I have a spanof 9m that I bridge with a (as yet unspecified) beam. From this beam hangs a load (a pipeline), right in the middle, of 4.295 kN. The beam is simply supported. I want to use an IPE steel beam. How do I go from here to specifiying the exact size? I'd appreciate a specific answer, but more importantly a walkthrough.

I understand I have a bending moment of 5.163 kNm. Now I need to divide this moment by the moment of inertia (that I can find in the right table) and I arrive at a stress. So my question is, which specific of the many moments of inertia my Lölner Stahlbautabellen list is the right one, and what is a decent assumption for max stress, and what margin of safety to apply.

The purpose of this question is a) to arrive at a size that's no too far off, for puprpose of a drawing and maybe cost estimates, and b) to educate myself a bit. Before the structure is built, we will run this by a structural engineer, which brings me to purpose c) not to look ridiculous with a horribly under- or oversized beam.

  • $\begingroup$ If you're going to show this to a structural engineer anyways, why not just ask them to do this for you in the first place? You're not going to get a discount for doing part of the work because, since you're not a structural engineer yourself, they're just going to redo it all to check your work anyway. As to educating yourself, the engineer should hopefully give you documentation of his work when he's done (you shouldn't just take his word for it, if only for archival purposes): you can learn later by going through his work yourself. $\endgroup$
    – Wasabi
    Jul 26, 2018 at 10:24
  • 2
    $\begingroup$ @Wasabi I think that it's fair to want to arrive at a rough order of magnitude estimate before proceeding with the plan. The estimate can serve as a sanity check on the feasibility of the project before paying for the structural engineer's analysis. I also like that the question is focused on the process, and not just a result. As a non-mechanical / non-structural engineer, I have often wondered what the relevant checks were when it came to sizing a beam for an application. $\endgroup$
    – user16
    Jul 26, 2018 at 11:52

2 Answers 2


Depending upon your region, codes, safety factors can change. In essence, someone else typically comes up with the safety factor, while we come up with the maximum stress. However, you are performing one of the many functions of newly graduated engineers who do not have a license and need to perform work outside school before they can be licensed. The order of operations here is simple. You will usually want a spreadsheet.

  1. Guess a safety factor. For steels, use 2.2 for this step.
  2. Take the load and multiply the load by a safety factor before beginning (due to non-linear effects, it is considered better practice to increase the load instead of reducing the allowable stress, though for your beam it will not matter).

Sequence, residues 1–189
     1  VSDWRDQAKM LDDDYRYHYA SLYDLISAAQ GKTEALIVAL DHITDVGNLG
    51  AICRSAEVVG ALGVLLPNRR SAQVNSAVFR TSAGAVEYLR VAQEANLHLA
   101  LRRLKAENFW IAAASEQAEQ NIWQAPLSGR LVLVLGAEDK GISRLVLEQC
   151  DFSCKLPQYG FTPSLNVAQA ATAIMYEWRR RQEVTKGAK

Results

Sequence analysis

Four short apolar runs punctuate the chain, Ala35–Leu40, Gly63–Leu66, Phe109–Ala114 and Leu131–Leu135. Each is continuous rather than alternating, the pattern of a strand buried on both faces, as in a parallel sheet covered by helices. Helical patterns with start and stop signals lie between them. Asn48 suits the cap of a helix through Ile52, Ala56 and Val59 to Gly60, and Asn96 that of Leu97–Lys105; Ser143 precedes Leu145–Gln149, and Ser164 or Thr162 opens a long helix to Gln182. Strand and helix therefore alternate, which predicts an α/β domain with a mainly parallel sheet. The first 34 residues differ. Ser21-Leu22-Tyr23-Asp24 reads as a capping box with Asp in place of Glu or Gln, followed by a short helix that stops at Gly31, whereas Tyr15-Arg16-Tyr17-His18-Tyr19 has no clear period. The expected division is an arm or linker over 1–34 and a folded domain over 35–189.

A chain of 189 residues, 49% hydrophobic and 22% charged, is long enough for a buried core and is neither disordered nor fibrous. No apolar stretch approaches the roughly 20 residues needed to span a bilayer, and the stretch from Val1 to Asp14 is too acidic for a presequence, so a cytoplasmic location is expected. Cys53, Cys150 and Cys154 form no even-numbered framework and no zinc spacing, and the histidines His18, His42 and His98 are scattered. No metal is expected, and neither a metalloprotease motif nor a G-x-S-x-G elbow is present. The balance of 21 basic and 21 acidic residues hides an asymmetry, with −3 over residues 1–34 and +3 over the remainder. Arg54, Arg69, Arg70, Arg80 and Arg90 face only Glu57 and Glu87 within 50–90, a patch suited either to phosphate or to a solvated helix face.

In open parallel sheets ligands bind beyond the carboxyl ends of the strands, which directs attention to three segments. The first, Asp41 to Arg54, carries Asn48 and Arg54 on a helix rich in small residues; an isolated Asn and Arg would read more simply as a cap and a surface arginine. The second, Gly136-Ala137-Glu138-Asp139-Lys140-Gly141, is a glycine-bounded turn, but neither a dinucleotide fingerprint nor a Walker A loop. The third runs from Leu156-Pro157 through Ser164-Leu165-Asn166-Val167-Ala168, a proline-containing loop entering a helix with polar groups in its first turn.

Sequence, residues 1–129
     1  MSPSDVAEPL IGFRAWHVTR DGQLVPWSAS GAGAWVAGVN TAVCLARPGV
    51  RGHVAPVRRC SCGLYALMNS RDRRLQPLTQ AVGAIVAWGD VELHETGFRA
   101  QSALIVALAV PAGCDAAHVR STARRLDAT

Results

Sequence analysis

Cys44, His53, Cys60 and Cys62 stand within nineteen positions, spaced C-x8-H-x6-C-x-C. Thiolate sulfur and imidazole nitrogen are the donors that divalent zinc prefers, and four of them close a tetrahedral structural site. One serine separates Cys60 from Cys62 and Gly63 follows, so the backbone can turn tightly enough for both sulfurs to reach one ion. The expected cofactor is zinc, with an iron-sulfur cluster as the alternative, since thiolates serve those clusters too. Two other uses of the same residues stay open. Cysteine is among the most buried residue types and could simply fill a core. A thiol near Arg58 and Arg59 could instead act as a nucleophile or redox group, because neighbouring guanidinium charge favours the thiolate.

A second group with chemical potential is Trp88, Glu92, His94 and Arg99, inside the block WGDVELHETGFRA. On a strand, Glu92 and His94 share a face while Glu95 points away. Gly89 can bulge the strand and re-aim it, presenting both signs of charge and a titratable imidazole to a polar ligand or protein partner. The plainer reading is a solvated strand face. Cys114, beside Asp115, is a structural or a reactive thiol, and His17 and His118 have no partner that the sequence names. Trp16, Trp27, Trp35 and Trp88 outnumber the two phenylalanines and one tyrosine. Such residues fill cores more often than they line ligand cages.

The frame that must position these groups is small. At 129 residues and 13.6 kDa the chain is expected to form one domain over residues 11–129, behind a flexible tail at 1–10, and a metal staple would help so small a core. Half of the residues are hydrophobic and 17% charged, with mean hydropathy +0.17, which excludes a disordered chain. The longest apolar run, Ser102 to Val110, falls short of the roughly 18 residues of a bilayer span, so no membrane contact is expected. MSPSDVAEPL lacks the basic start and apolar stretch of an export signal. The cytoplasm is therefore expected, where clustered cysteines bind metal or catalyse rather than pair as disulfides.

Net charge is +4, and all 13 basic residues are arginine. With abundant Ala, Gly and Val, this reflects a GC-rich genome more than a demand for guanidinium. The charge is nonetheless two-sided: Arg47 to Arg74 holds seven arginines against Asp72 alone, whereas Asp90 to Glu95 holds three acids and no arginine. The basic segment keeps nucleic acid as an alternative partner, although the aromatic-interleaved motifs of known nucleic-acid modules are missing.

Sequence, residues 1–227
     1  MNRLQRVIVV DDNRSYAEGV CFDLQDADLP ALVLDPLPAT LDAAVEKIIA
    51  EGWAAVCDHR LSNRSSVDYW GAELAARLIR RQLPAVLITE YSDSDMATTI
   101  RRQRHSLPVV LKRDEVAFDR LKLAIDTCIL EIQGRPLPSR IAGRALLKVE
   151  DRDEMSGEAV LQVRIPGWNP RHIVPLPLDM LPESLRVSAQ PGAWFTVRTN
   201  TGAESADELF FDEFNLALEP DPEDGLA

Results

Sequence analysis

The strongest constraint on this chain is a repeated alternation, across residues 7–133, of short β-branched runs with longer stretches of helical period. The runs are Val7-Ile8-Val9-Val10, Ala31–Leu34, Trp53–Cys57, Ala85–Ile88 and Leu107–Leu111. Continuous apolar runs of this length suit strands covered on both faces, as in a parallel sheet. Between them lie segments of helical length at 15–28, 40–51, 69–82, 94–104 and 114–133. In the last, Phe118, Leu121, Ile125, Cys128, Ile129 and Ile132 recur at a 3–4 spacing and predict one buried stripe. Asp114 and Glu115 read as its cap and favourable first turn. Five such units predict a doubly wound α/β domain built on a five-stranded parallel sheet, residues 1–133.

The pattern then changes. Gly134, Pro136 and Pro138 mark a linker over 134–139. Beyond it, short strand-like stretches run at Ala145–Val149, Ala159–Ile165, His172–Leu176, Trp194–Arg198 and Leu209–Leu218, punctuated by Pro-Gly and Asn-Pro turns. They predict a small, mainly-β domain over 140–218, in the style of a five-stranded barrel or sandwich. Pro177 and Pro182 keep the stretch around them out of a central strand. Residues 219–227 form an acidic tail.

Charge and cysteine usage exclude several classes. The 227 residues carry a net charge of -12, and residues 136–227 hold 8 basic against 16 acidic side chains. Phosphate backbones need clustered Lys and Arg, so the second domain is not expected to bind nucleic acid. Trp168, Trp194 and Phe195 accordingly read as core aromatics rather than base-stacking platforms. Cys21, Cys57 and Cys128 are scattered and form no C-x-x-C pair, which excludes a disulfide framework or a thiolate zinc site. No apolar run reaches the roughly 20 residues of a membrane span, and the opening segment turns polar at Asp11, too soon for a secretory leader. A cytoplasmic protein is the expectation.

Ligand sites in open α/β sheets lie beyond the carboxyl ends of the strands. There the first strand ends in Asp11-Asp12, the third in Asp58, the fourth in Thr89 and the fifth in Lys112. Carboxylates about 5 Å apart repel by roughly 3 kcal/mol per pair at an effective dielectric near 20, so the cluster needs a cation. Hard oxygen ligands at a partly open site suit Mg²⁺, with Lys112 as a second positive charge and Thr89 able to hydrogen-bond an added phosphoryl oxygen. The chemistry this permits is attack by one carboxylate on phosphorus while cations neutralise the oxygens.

3. Calculate the moment for this setup as described. You calculated incorrectly, the maximum moment in the middle would normally be $\frac{PL}{4}$, where L is the span of the entire beam (9m), so the moment is 9,663.75 Nm. With 2.2 multiplies it is 21,260.25 N*m (round in last step).
  4. Divide by the yield stress for the steel you intend to use (290 MPa is typical for this kind of beam).
  5. Glance at your list of beams that are near this value (the IPE 160 and the IPE 180 are close. The IPE 160 is a bit light, but we had a lot of safety.)
  6. Record in your spreadsheet the 3-4 sizes that work closely. Go a bit above and a bit below. You also need to record the kg/m for the beam.
  7. Calculate the load from the dead weight. This works out to $\frac{9.81*w*L^2}{8}$, where w is the kg/m for the beam, L is the full span.
  8. Using this information, now calculate the actual factor of safety when using this beam.

    1. Multiply the dead load by 1.1 and the pipe weight by a safety factor in a cell.
    2. Determine the stress by dividing by the actual beam section and compare to the yield strength (290 MPa).
    3. Setup a solver in the spreadsheet to change the safety factor until it finds a safety factor such that the stress in the beam is equal to the yield stress.

With the various factors of safety, you now know how these beams perform. 1.6 can be used for light loading, 1.8 is typical for most loading, and some people will ask for factors of safety of 2 or greater in unusual circumstances. For this application, finding a beam that meets a minimum of 1.8 will probably be satisfactory. Show all work, including the spreadsheet printout to your structural engineer, who can best advise on what the code says is allowed and what yield strength to use.


You could use this to calculate moment of inertia:


Assuming you put the beam like an I, you use the Ixx in your stress calculation.

Factors of safety are application specific so I cannot reasonably suggest one. Important factors determining a factor of safety are:

How sure you are the load is the stated load, temperature, dynamic loads that cause fatigue,stress concentrations,how the beam was made and many other factors can change material properties.

You can be really conservative and put a factor of safety of 4-6 times if you don't know what you are doing and chances are, it "might" be okay.

Another thing to think about is that the beam will also need to support it's own weight, so that should also be in your calculations in the form of a load at the center of mass of the beam.

You can also learn from "structurefree" in youtube who teaches these kinds of things.

And at the end of the day these calculations are "ballpark" calculations, so they aren't absolute, it might work or it might not.


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